Introduction to Information Literacy in the K12 Classroom/Chapter 9

Introduction to Information Literacy in the K12 Classroom
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Safety in the Digital Age edit

When teaching about information literacy in the digital age it is imperative that parents and teachers teach students how to stay safe when using technology. Dangers that range from spam and spyware to online predators should be identified and methods to protect yourself should be outlined for students so they can make use of the wealth of information and technology available in a safe manner.

Possible Student Dangers: edit

  • Spam : Spam is large amounts of messages sent to people who did not choose to receive them. Spam messages can include advertisements for questionable products and services, pornographic images, scams offering to help the receiver “get rich quick” or viruses and Trojan horses. To avoid spam try to not to give out your e-mail address to often. Often companies will sell your information to others. This can result in large amounts of unwanted e-mail.(Muller, 2008)
  • Viruses: Viruses are pieces of computer code which attach themselves to computer programs. When the program is run the virus becomes embedded in the computer's memory. The virus can then cause damage to software of files on the computer.
  • Trojan Horses : Trojan horses appear to be useful software. However, once they are downloaded they can damage your software or files and/or send sensitive information (like usernames and passwords) back to someone else.
  • Spyware : Software that tracks your movements on the Internet, collects personal information or targets advertising to you. (What is Spyware?, 2008)
  • Cyberharrasment/ cyberstalking : When an adult harasses, threatens, humiliates or targets a child or another adult on line. This can occur through e-mails, instant messages, posts on discussion boards, text messages etc. (Stop Cyberbullying 2008)
  • Cyberbullying : When minor harasses, threatens, humiliates or targets another child on line.
  • On line predators: Predators may attempt to lure children into dangerous or sexual situations through contacting them on the Internet. This can happen through chat rooms, instant messaging, e-mails, or other communication.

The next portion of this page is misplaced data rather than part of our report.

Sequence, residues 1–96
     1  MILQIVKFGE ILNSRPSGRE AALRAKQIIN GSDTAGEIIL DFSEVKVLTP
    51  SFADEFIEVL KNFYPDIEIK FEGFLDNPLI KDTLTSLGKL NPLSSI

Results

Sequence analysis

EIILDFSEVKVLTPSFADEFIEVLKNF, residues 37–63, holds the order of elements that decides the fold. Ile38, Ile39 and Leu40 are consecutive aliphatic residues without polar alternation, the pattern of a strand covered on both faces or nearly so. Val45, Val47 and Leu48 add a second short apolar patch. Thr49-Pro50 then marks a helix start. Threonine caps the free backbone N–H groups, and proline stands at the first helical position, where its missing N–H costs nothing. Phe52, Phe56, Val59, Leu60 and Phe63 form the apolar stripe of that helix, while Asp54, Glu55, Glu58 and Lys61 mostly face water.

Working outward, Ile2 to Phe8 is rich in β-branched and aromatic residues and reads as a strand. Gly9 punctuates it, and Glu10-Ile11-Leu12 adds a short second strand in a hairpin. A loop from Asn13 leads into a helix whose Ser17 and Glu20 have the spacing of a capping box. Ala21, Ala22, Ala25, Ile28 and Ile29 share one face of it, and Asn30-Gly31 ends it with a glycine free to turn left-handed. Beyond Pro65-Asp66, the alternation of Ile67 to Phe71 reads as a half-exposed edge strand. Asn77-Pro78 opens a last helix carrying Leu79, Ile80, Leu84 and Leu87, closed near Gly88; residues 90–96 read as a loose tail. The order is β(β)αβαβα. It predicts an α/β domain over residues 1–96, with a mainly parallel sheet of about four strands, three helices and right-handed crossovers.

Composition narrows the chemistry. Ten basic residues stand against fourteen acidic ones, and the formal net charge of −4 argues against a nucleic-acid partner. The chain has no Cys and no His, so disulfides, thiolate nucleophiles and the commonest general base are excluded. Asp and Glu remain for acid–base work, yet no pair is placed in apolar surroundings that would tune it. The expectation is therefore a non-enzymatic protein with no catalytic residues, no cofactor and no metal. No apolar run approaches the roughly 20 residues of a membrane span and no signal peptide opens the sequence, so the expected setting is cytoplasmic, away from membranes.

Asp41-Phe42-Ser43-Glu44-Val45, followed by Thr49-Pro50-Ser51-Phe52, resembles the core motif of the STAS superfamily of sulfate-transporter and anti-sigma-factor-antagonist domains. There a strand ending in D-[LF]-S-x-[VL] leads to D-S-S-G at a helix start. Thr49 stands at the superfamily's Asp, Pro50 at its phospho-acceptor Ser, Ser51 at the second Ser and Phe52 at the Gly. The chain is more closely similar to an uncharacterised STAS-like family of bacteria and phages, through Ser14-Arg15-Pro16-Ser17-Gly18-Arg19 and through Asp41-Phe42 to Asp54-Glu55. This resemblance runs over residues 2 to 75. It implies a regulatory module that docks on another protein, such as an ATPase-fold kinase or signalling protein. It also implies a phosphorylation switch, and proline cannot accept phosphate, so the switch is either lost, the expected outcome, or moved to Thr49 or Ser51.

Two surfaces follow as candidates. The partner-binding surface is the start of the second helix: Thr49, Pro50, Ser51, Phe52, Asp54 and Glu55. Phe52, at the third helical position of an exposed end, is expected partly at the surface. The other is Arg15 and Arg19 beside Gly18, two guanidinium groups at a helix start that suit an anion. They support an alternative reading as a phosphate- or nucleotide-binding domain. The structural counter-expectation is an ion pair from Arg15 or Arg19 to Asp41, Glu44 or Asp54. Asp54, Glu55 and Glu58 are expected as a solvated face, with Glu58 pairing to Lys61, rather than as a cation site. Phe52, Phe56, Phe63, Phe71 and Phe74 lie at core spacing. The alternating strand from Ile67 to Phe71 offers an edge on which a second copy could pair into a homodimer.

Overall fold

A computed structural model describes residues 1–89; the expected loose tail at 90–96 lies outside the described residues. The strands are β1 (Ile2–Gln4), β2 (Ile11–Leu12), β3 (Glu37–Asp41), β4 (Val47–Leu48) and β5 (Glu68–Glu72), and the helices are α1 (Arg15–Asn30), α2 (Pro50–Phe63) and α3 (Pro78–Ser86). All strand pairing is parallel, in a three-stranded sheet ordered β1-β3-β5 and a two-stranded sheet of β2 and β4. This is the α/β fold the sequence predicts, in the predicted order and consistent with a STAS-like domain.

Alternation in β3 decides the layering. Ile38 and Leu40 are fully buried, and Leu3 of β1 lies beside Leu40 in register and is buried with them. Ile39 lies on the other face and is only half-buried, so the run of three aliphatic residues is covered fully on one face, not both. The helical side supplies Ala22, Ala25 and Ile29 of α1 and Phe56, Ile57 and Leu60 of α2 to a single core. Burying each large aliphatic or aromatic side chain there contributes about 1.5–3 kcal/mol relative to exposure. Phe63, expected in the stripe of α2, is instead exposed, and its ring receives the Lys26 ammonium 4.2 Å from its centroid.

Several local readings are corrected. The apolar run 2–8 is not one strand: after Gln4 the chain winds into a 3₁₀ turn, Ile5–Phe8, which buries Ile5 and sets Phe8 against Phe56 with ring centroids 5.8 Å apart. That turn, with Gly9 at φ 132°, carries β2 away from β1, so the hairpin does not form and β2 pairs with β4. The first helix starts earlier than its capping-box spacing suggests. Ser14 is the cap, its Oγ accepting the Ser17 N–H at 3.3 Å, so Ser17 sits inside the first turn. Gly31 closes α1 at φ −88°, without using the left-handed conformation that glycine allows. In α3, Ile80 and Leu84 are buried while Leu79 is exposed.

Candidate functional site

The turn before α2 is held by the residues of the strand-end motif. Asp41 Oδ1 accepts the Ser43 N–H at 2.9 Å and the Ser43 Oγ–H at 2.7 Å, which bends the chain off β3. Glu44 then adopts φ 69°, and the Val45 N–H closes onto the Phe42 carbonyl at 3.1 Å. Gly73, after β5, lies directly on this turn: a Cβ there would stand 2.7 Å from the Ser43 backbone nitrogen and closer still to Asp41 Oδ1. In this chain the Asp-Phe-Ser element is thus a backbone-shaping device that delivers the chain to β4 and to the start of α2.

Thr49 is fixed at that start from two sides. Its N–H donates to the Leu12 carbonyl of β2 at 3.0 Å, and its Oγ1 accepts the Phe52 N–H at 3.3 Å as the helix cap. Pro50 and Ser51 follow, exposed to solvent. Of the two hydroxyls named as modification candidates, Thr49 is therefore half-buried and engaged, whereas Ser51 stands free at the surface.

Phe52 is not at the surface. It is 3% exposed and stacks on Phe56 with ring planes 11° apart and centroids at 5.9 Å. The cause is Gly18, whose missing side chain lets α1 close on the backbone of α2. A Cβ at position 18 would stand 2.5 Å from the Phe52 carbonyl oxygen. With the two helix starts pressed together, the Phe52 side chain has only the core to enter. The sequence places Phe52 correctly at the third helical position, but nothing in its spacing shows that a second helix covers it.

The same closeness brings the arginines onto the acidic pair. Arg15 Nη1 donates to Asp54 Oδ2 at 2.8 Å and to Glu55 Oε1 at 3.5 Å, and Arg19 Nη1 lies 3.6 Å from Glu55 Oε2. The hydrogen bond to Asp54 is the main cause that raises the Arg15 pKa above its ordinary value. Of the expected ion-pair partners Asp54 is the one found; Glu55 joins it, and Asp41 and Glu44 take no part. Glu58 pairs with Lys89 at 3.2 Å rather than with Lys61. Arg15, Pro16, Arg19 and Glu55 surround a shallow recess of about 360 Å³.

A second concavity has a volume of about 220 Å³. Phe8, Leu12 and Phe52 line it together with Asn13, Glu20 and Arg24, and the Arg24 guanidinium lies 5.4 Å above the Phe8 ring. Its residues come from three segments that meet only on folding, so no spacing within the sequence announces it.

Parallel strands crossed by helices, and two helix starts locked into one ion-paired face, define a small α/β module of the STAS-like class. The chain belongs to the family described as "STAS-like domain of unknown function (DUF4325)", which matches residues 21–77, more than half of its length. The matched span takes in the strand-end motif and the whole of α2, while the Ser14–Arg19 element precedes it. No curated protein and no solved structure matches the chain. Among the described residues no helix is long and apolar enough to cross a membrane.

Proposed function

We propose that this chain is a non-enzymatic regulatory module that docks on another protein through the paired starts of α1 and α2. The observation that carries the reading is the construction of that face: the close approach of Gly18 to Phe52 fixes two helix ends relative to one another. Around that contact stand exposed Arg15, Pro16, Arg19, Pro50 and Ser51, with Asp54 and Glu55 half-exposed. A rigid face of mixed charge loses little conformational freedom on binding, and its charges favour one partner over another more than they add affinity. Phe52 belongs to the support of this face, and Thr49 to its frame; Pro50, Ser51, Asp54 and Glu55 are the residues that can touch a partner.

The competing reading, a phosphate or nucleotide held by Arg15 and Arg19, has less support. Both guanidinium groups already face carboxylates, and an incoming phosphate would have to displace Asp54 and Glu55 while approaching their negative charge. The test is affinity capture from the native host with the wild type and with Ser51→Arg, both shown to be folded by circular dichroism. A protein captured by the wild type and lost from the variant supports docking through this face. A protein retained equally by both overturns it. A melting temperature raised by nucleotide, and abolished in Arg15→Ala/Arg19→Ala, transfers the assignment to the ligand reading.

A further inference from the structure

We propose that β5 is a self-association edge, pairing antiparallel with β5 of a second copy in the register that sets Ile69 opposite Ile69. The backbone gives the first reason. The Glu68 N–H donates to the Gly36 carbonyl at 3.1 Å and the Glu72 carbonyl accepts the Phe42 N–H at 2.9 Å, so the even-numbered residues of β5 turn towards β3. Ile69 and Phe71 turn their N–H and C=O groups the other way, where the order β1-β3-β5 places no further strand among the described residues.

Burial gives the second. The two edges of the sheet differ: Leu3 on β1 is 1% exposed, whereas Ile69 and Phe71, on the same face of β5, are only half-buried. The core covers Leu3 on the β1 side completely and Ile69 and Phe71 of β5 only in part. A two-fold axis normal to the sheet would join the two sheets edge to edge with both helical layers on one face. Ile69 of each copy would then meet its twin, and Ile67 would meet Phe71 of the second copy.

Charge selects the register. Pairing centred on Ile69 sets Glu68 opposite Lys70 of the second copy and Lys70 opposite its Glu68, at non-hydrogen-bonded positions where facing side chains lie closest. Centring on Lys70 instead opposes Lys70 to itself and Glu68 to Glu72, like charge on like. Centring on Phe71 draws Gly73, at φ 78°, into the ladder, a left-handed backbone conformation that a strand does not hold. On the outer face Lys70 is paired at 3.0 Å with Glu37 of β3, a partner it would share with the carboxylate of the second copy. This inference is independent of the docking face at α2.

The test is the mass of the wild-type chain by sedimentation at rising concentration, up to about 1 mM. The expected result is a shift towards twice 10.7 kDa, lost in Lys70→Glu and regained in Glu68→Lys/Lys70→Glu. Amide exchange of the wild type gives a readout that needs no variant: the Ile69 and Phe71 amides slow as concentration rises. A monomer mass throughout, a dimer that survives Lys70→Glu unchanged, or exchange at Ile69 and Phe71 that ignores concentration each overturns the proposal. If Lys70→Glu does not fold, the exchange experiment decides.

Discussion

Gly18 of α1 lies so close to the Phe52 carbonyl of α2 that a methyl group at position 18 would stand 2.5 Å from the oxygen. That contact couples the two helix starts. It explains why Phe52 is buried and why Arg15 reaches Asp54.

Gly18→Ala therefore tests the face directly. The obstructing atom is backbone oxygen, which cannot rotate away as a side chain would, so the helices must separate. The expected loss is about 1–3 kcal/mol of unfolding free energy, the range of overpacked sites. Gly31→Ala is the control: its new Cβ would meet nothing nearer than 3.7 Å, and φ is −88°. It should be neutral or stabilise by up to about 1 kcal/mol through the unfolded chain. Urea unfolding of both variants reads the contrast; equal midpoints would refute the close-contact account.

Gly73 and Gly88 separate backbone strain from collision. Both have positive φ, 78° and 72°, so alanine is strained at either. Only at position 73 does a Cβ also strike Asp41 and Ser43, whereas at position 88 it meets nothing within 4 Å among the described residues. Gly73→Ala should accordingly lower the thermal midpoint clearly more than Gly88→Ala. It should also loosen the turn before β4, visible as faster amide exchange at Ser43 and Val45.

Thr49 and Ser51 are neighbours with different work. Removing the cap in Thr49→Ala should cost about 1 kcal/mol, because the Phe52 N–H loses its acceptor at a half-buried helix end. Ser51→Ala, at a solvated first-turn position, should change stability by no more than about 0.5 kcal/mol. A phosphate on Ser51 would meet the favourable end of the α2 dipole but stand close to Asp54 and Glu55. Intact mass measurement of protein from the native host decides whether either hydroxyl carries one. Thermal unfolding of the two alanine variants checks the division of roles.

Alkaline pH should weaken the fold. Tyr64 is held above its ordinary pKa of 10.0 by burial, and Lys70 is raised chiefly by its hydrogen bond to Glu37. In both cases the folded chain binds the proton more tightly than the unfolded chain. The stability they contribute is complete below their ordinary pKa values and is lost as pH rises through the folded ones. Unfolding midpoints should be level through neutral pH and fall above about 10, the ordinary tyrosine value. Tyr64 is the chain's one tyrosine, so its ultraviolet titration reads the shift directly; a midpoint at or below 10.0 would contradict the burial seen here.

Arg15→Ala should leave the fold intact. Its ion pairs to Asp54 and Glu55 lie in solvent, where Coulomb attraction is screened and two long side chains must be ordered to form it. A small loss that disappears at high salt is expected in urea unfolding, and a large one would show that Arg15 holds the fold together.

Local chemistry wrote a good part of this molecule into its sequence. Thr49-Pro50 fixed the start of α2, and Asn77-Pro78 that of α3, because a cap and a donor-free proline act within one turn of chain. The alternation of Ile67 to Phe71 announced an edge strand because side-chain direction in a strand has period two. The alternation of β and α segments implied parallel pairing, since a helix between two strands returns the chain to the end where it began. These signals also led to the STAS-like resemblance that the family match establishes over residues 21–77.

(Stop Cyberbullying 2008)

Guidelines for Avoiding Danger: edit

  • Never give out personal information on the Internet
  • Do not open e-mails, files or attachments from people you do not know
  • Do not tell your password to anyone except your parents
  • If anything makes you uncomfortable tell an adult immediately

(Canada Safety Council 2008)

Tips for Parents and Teachers: edit

  • Keep the computer in a central location so you can monitor activity
  • Possibly share an e-mail account with your child so you can monitor communication
  • Check with your Internet service provider to see if they offer any services that can restrict access to certain sites for your child
  • Look into software that filters on line content
  • Teachers--make sure safety is part of your lesson plan. Make sure students are aware of any safety before using new technology. Here are some ideas for integrating internet safety into the classroom: EducationWorld
  • Most importantly—talk to your children about safety. Make sure they know they can come to you if they are having problems or feel uncomfortable

(Web Myths 2008)

Links edit

Visit this site for lesson plans on internet safety:

McGruff's safety information:

30 Ways to stay safe on the internet:

Safe surfing quiz:

Internet safety tutorial:

NetSmartz information workshop to promote internet safety:

Resources: edit

Mueller, Scott What is spam?. Retrieved June 20, 2008, from Fight Spam on the Internet Web site:

What is spyware?. Retrieved June 20, 2008, from Windows Live Web site:

What is cyberbullying, exactly?. Retrieved June 20, 2008, from Stop Cyberbullying Web site:

Web rules. Retrieved June 20, 2008, from Canada Safety Council Web site:

Safety myths and tips for web 2.0. Retrieved June 20, 2008, from SafeKids Web site: